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Brady Hoke has been deservedly praised for his turnaround of the Michigan Wolverines this past season, but his short-term results do not indicate long-term gains, especially on offense.
Hoke wanted to implement a pro-style system, and through the first game, he did. Michigan rode a couple of poorly-timed turnovers to a rain-shortened win over Western Michigan.
It looked like Hoke's system was taking root in Week 1, but when Notre Dame brought the Wolverines offense to a halt in the first half of Week 2, the future didn't look so bright.
At that point, Hoke gave up. He dropped his pro-style system and let his best player, Denard Robinson, dictate the offensive flow.
With winning now as the ultimate goal, you can't argue with the results. Robinson turned in a spectacular performance and led Michigan to a comeback win. That win earned him to keys to the offense, and he responded by leading Michigan all the way to the Sugar Bowl.
With Robinson back, the Wolverines will be good again next season, but once he's gone, Hoke will be back at square one. Right now, he doesn't have an offense, he has one transcendent player. When Robinson graduates, Hoke will be all the way back at square one. He'll not only have to bring in a new quarterback, but also re-teach his offense to his entire team.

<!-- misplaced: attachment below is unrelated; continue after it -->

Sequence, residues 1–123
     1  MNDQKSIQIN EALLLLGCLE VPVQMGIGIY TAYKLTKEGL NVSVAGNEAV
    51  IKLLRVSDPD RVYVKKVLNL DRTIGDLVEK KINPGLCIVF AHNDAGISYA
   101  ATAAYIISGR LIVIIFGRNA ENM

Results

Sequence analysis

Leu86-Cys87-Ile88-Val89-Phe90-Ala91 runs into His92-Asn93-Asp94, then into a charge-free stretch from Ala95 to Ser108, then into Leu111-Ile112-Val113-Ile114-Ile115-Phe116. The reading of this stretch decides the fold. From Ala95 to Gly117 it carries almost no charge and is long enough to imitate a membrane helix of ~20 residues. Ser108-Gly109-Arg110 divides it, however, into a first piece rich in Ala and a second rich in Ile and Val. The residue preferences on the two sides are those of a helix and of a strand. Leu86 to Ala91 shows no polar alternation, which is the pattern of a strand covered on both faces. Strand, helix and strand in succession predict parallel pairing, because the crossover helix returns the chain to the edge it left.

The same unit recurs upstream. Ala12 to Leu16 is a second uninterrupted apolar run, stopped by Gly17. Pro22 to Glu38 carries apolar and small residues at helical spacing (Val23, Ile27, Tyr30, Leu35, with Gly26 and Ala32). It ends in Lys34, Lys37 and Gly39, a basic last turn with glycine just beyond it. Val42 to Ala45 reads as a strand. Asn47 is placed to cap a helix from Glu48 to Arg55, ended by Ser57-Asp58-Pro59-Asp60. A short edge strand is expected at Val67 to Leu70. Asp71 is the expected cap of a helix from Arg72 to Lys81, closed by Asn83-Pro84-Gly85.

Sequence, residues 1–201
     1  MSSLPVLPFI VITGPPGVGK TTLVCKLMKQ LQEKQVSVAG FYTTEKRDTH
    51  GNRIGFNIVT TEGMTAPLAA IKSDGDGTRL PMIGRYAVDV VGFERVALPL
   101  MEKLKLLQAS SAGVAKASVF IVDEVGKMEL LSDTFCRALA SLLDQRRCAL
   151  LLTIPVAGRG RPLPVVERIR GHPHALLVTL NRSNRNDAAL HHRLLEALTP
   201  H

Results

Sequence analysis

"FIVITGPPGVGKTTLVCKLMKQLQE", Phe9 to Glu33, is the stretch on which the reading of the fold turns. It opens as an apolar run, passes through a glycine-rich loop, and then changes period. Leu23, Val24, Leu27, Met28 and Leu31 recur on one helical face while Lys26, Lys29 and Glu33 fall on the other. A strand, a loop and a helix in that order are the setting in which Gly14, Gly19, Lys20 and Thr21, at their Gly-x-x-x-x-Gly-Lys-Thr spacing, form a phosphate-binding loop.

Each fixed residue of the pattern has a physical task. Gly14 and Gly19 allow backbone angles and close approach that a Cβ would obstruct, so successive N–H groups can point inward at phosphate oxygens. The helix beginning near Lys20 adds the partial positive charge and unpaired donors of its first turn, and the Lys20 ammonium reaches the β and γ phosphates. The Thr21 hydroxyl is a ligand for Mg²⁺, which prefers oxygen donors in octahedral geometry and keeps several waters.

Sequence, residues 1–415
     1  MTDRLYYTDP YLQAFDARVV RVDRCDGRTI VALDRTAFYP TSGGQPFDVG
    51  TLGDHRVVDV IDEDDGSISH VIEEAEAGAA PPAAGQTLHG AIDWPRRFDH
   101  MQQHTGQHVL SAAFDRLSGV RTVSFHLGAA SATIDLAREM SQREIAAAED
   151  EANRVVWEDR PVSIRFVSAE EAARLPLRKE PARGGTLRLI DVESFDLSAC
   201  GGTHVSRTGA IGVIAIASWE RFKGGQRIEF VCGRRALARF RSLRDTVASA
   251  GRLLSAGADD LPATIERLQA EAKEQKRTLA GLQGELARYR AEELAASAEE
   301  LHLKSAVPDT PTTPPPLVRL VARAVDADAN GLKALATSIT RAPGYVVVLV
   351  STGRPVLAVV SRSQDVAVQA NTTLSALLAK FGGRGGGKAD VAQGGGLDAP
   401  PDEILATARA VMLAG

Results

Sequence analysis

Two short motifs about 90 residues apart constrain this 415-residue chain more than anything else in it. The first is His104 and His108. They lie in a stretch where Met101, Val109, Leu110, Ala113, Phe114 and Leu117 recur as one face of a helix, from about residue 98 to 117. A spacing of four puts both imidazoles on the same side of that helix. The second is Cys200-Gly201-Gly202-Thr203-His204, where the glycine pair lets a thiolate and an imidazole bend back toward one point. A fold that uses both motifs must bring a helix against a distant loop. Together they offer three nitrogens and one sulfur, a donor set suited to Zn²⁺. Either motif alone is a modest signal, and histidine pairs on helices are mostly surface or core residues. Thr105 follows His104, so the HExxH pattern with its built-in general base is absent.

Michigan might return to the BCS next season, but we won't have a true reading on Brady Hoke's future success until 2013.
The approach that is most successful right away is not always the best approach for the long term, and that is absolutely the case for Notre Dame in 2012. The Irish don't have a player that Robinson that might distract them from sticking to its long-term plan, but even so, Kelly and his coaching staff need to keep their collective eye on the ball.
Uptempo offense isn't as simple as flipping a switch. It requires complete commitment from every aspect of the team. It's not something that just happens in games—it's rooted in an attitude that must permeate every team meeting and practice session.
This speed of offense only works if every single player buys on the practice field and on game day.
The advantage rides on getting the play off quickly, but obviously, the ball can't be snapped until everybody is set. It's easy for receivers to hustle up to the line after making a catch, but if the offensive line doesn't sprint downfield after every big play, the wideouts' effort is wasted.
Bringing in a new offense and a new quarterback will be difficult. Things are probably going to get worse before they get better. But no matter what the early returns, Kelly needs to stay the course.
Trust the process, not the results.